Economic uncertainty, market volatility, rising interest rates, inflation and the ongoing Ukraine-Russia conflict affected the M&A market in the third quarter of 2022 to the point that deal volumes declined across the globe. Most experts agree that a recession is here or likely imminent, and even if one is not, it still is a scenario that companies must prepare for.
That said, while private equity deal activity declined only by a bit in Q3, when compared to the years prior to COVID, it actually increased slightly. As for Q4, there was already chatter, particularly in the lower U.S. midmarket, that deal volumes might increase due to the rush to close deals before the year ended.
As private equity firms continue to pursue deals, they should look to their due diligence firms and operators to ensure extra steps are taken to accurately assess and vet potential acquisition targets given the economic climate and the possibility of a recession.
Due diligence providers will need to go beyond their standard reporting checklists and expand their assessments of three key areas:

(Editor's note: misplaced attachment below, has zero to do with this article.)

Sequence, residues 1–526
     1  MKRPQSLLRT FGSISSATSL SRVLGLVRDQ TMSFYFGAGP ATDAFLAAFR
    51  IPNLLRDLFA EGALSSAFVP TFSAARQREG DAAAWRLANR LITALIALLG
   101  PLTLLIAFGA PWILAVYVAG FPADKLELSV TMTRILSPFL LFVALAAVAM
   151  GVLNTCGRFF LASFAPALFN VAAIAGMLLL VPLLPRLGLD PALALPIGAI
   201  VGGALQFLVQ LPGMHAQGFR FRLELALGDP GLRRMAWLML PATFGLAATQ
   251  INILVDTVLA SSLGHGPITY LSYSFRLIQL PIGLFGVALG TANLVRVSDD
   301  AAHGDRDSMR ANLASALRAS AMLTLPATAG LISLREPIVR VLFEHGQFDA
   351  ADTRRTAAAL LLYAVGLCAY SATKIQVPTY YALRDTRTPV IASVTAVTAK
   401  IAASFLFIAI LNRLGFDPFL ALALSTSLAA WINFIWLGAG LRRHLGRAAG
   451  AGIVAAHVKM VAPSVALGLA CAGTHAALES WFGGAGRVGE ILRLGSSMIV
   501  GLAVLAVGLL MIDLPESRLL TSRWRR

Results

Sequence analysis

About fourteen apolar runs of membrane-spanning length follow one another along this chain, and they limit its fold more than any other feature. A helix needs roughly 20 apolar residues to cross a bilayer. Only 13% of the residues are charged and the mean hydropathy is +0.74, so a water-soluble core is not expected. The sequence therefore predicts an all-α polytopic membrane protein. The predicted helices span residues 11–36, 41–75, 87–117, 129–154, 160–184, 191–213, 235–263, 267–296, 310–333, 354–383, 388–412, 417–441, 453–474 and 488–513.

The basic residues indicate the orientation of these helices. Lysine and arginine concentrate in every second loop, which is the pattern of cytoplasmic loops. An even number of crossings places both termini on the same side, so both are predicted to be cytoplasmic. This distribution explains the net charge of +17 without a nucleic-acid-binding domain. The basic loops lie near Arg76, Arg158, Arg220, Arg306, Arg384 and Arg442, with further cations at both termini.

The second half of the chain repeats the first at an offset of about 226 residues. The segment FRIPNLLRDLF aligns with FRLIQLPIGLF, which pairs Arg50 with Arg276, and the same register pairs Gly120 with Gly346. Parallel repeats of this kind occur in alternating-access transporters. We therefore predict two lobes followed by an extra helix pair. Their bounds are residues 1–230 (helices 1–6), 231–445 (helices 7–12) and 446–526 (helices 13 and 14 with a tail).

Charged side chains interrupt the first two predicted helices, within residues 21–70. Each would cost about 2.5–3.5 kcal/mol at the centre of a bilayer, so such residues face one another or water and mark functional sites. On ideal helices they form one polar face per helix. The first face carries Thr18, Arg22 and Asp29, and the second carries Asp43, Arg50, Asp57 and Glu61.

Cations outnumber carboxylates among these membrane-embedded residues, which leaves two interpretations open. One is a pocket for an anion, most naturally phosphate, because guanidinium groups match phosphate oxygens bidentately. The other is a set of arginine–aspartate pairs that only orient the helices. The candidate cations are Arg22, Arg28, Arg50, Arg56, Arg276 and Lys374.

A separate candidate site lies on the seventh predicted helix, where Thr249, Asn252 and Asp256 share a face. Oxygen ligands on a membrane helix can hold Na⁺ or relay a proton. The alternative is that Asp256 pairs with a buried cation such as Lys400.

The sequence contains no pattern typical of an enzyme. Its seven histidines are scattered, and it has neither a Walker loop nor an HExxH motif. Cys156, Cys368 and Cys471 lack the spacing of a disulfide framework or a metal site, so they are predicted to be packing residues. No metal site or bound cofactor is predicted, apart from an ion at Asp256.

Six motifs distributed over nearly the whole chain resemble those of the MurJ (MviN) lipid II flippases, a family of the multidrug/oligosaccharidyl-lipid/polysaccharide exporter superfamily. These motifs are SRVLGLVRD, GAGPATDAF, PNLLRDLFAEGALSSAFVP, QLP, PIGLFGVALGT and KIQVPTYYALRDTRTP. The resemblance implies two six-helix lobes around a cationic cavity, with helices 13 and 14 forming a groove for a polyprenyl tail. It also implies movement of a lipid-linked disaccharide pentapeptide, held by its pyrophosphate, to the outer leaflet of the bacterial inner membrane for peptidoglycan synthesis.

It’s critical for due diligence providers to analyze a company’s business segments and product lines to identify the range of its exposure to potential issues.
- Cash flows.
- Strength of the customer base and third-party vendors.
- Accounting and financial reporting software.
If the COVID-19 pandemic spurred a focus on reallocations and prompted a closer look at EBITDA and gross profits, a recession will call for a deeper focus on cash flows and the potential for surviving ongoing market swings.
It has become important for any due diligence provider to stress test a company’s ability to sustain losses and maintain sustainable liquidity and cash.
While conducting a cash-flow analysis is not standard practice for due diligence providers, it should be now. Analyzing a company’s cash flows will help providers determine whether it is ready for a deal ahead of a recession. During a recession, a capital-intensive company would inevitably see its cash flows being strained to pay its debt load, and it’s likely to need more cash to carry out operations. The company would likely be in a negative cash position. Whether it be due to inherited debt or lease commitments, a cash-flow analysis can help PE firms anticipate and prepare for such possibilities.
A cash-flow analysis should begin by evaluating sales by discounts, returns and allowances, all related to cash, and evaluate for seasonality. It should then do the reverse for vendors and suppliers when evaluating purchases and operational expense transactions.